Food Quote Friday: E B White

“We should all do what in the long run, gives us joy, even if it is only picking grapes or sorting the laundry.” — E B White from The Letters of E B White

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Moist & Sticky Fig Cake
Recipes Moist & Sticky Fig Cake

I’d always known that figs were beloved fruits of the ancients. They sang and wrote poetry about figs. Figs glowed as symbols of the good life in their literature. It was the first plant mentioned in the Bible. And don’t forget: Buddha finally achieved enlightened while meditating underneath a fig tree. There are literally hundreds of different fig trees. The Weeping Fig. (ficus benjamina) The Creeping Fig. (ficus pumila) The Fiddle-leaved Fig.

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Food Quote Friday: Charles Reznikoff

“A Mounted Man with an Apple” from the peerless NYPL “Showing a torn sleeve, with stiff and shaking fingers the old man pulls off a bit of the baked apple, shiny with sugar, eating with reverence food, the great comforter.” — Charles Reznikoff

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Recipes Blueberry-Banana Pancakes: An Easy Everyday Pancake

In honor of miserably cold weather, the glories of a homespun breakfast and the last few days of Pancake Month, I got up a little early to make pancakes for myself today. Blueberry-Banana Wholegrain Pancakes, to be precise. Donuts can be tasty, but they tend to make me crash out with sugar shakes… and that’s not exactly setting myself up for success. The hot bowl of steel-cut oatmeal or my very own homemade granola are delicious — and very satisfying — ways to wake up, but that’s what I eat pretty much every day.

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Recipes Banana Cream Pie: An Endangered Food

Last week on the radio program Fresh Air, Terry Gross announced that she’d interviewed Dan Koeppel, the author of Banana:The Fate of the Fruit That Changed the World . Hearing that, I almost turned the radio off. “Really?” I wondered, “Does the world actually need another single-word-title history book?” Consider just a sampling of the single-subject history genre: Tobacco. Mayflower. Cod. Salt. Hotel. Gin. Rum. Citrus. Spice. After the diva word, you’ll find that many of these have big, blustery subtitles.

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Eat What’s In Season

January is a grim season for locavores. I try to eat locally whenever I can, but there’s no way I’m going to pass up a juicy Pomelo in January or a sweet box of clementines in December. Thankfully, citrus is in season during the winter months, even if it does have a lengthy sojourn on the way here. If you live on on the West Coast, you have a few more options.

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Recipes Day 24: Supremely Easy Lime Curd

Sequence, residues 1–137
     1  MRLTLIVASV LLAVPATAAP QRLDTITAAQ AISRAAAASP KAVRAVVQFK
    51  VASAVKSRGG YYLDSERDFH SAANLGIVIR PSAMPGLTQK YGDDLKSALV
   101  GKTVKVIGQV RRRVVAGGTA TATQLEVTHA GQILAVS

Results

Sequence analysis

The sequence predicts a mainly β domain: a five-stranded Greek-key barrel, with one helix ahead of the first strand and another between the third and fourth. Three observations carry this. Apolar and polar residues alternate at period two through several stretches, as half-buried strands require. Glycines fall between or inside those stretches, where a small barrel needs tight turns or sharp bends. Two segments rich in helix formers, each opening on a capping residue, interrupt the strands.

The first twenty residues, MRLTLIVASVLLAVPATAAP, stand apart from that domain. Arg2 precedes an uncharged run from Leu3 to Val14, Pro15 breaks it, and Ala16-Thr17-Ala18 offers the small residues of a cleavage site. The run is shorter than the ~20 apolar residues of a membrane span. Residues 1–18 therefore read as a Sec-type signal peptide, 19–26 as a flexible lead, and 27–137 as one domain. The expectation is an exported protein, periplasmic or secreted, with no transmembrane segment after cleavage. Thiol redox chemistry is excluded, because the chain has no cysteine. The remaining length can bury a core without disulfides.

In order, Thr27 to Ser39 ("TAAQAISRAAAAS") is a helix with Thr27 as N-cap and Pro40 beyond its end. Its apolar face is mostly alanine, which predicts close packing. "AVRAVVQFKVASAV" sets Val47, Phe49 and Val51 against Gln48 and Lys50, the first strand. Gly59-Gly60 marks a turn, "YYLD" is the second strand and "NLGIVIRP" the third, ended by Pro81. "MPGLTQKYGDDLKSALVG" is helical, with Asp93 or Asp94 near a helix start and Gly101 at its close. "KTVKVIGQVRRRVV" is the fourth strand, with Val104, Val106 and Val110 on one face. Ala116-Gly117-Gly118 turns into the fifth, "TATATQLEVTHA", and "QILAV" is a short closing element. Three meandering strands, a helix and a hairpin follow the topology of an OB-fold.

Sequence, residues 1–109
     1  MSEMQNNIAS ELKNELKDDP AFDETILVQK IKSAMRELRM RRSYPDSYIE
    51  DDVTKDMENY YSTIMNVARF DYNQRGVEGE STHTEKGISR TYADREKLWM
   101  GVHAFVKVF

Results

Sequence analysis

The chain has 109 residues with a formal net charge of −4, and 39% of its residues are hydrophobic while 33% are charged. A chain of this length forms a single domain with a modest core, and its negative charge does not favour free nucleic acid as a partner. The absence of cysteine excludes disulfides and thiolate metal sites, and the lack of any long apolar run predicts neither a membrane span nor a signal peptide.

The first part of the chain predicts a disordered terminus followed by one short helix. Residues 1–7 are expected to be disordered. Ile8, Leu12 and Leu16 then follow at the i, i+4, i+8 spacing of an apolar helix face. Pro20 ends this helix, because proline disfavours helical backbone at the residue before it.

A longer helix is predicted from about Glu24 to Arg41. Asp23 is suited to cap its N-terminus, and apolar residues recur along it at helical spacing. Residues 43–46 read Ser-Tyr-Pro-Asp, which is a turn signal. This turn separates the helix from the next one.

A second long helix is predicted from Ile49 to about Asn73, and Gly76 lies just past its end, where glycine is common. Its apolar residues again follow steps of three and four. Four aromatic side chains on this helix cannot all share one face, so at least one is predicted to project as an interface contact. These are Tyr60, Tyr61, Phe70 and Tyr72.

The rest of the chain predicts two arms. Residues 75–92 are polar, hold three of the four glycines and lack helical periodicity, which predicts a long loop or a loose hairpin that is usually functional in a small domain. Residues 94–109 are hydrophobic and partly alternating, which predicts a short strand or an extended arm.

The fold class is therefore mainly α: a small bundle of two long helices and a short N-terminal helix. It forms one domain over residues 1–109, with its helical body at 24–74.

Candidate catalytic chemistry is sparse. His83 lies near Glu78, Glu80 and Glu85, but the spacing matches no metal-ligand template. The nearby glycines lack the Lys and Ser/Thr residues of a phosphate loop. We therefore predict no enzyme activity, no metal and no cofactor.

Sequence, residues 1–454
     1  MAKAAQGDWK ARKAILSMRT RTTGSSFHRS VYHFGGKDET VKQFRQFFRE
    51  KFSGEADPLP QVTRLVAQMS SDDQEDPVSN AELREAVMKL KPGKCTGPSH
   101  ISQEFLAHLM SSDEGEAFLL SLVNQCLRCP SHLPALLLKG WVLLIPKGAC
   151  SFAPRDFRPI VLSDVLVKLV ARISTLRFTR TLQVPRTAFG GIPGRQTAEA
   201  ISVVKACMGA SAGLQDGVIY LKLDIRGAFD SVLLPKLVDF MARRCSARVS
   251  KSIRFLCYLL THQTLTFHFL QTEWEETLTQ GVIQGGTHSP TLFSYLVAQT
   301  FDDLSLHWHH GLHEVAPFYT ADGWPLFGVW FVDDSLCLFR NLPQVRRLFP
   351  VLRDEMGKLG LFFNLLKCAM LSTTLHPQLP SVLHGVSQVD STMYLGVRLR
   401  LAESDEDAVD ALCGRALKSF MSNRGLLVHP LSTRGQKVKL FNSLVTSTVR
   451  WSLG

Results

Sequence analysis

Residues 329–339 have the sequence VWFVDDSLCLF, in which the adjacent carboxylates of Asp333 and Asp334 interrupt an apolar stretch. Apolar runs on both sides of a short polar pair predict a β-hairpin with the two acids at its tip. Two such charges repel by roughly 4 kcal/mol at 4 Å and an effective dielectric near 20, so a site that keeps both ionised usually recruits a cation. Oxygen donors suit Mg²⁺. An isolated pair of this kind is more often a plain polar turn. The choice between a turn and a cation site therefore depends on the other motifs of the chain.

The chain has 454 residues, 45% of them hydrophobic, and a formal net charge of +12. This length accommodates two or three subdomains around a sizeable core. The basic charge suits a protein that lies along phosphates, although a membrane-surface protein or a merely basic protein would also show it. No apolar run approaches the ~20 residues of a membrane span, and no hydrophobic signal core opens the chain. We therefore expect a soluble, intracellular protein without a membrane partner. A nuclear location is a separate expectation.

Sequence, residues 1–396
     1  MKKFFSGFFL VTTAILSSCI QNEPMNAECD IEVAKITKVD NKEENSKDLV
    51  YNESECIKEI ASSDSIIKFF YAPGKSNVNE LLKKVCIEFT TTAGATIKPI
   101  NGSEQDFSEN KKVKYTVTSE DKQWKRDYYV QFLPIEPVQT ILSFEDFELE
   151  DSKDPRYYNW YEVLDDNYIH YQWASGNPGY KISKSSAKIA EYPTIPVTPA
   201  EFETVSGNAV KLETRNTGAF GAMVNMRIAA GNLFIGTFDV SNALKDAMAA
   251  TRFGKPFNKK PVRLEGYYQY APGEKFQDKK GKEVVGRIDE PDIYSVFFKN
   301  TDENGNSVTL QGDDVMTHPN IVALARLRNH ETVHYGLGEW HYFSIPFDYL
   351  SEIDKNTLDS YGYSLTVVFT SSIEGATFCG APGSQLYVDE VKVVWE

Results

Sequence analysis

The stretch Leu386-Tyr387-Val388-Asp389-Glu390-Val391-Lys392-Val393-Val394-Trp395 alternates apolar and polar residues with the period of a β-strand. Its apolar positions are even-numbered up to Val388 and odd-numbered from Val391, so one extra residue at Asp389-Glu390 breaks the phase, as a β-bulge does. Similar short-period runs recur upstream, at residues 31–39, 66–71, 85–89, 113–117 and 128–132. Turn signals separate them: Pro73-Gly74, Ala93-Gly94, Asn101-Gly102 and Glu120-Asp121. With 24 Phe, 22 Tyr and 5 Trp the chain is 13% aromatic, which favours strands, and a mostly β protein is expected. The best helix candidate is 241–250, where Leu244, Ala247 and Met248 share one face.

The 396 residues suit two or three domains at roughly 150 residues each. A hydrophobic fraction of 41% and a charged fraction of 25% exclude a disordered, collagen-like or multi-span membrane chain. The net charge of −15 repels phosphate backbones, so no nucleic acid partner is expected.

*This post marks Day 24 of Miss Ginsu’s 2007 Advent Calendar. Welcome to Christmas Eve! The 24th has arrived, and if you had great intentions of doing anything before the holiday, it’s kind of too late. Why not relax and let go of unrealistic expectations? I’ve blogged about the thrills of lemon curd previously, but here we are in the middle of citrus season, and I’ve only blogged four times about various citrus fruits this month, and not even once have I mentioned limes.

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Recipes Day 19: Orange you impressed?

*This post marks Day 19 of Miss Ginsu’s 2007 Advent Calendar. Have I blogged about citrus yet this week? No? Horrors! Let that oversight be mended now. For some reason I always think the things I love to eat must certainly be beyond my ability to make. Maybe that’s some kind of weird culinary-related self-esteem issue. When I actually do the research on a given recipe, I often find out that I could have been supplying myself with something tasty and homemade (not to mention cheaper…) all along.

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Day 12: Make Your Own Citrus Bitters
Recipes Day 12: Make Your Own Citrus Bitters

*This post marks Day 12 of Miss Ginsu’s 2007 Advent Calendar. The dank, dark days of December are famously crowded with cocktail parties. Cocktails and latkes for Hanukkah parties, cocktails and pigs in blankets for Christmas parties, cocktails and blini for New Year’s Eve. Aside from the sleek glassware and ostentatious garnishes, my favorite aspect of the cocktail is the stories that follow in the wake of every highball, martini, gimlet and toddy out there.

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Day 7: Pain, Protection and the Pomander
History Day 7: Pain, Protection and the Pomander

*This post marks Day 7 of Miss Ginsu’s 2007 Advent Calendar. Delightful to smell, dead easy to make and ubiquitous around the holidays, I’d grown up believing the clove-studded orange pomander was the one true thing. As it turns out, pomanders weren’t initially citrus-based at all. They were expensive aroma plus precious metals, cherished as the ancient things of queens and kings. The pomanders of old were fancy perfume carriers.

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About Me

Miss Ginsu is a nom-nom-nom de plume of Leitha Matz, who worked at Tabla and FreshDirect in NYC, wrote about the food scene from 2004 to 2009 in Brooklyn and presently lives in Berlin. Occasionally seen on TV cooking segments, Leitha has also written for FreshDirect, contributed to Cee Cee Berlin, The Food52 Cookbook and has been interviewed/quoted in The Food Keeper as well as The Washington Times and Salon.

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